The electronics industry will mostly be ready for the July 1, 2006 RoHS deadline, but engineers in the exempt defense and aerospace industries still have concerns about the transition to lead-free components. For one, the exempt industries have spent the past two decades shifting away from pricey hi-reliability parts in favor of the less costly off-the-shelf (OTS) commercial components.
Many of those OTS parts are now entirely lead-free, which leaves the exempt industries in a bind, as they may find themselves unable to get leaded versions of the components they need. We checked in with a Lockheed Martin engineer on the difficulties, who reported, "We're seeing problems with suppliers changing the lead finish and not notifying us that they have changed from SnPb to Sn or whatever."
He points to other RoHS-oriented problems. "We're seeing process problems associated with wicking of the solders to the very small package contacts — I believe this may be a surface-tension problem." He is experiencing additional costs due to the need to develop and qualify new processes. He also notes there are problems due to the "higher melting point of the new finishes — we do not know what the proportions of the mix should be." Finally, he says "there is still no data on the long-term performance of the replacement materials."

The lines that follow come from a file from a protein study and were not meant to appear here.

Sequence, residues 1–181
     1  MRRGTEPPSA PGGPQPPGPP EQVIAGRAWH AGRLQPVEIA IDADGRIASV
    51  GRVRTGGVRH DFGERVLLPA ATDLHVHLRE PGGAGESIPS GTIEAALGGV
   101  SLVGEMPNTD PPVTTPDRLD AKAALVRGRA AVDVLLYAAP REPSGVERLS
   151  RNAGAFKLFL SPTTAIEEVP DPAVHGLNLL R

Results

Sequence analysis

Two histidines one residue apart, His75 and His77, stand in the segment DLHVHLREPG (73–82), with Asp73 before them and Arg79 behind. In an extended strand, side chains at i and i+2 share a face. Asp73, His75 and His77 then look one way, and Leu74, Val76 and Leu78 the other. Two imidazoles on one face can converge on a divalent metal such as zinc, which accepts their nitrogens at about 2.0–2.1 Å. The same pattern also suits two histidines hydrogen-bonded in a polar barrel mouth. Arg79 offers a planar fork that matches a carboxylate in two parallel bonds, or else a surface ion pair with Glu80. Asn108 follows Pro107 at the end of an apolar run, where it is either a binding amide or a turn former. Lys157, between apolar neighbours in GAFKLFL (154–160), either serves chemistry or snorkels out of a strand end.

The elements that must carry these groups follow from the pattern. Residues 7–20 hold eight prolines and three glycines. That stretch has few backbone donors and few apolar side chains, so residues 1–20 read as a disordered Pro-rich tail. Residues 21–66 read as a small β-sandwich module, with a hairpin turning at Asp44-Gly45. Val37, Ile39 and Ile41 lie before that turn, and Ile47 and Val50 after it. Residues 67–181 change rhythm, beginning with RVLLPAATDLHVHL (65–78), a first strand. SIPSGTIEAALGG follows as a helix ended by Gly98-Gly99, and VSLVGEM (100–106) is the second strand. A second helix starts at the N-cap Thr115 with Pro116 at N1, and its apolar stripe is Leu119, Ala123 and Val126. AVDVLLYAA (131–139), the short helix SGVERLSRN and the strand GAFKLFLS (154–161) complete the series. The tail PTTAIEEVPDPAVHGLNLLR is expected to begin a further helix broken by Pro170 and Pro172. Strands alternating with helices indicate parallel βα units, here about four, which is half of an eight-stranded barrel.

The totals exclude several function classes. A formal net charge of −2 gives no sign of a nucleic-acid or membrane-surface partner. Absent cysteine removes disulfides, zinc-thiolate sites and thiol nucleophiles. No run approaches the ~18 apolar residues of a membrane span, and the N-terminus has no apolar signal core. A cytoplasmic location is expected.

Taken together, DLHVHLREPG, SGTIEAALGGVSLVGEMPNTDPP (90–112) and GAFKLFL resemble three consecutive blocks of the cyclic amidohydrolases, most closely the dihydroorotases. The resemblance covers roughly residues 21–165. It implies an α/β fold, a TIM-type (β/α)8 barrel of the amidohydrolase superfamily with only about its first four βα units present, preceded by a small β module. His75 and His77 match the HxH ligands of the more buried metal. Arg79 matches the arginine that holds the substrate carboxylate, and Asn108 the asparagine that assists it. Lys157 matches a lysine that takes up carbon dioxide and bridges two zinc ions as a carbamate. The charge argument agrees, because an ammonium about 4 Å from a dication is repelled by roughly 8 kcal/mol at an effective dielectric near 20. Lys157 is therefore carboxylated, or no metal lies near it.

Last year at Hannover Fair, lots of people were talking about Industry 4.0. This is a concept that seems to have a different name in every region. I’ve been referring to it as the Industrial Internet of Things (IIoT), not to be confused with the plain old Internet of Things (IoT). Others refer to it as the Connected Industry, the smart factory concept, M2M, data extraction, and so on.
Some of the biggest self-assembled building blocks and structures made from engineered DNA have been developed by researchers at Harvard's Wyss Institute. The largest, a hexagonal prism, is one-tenth the size of an average bacterium.
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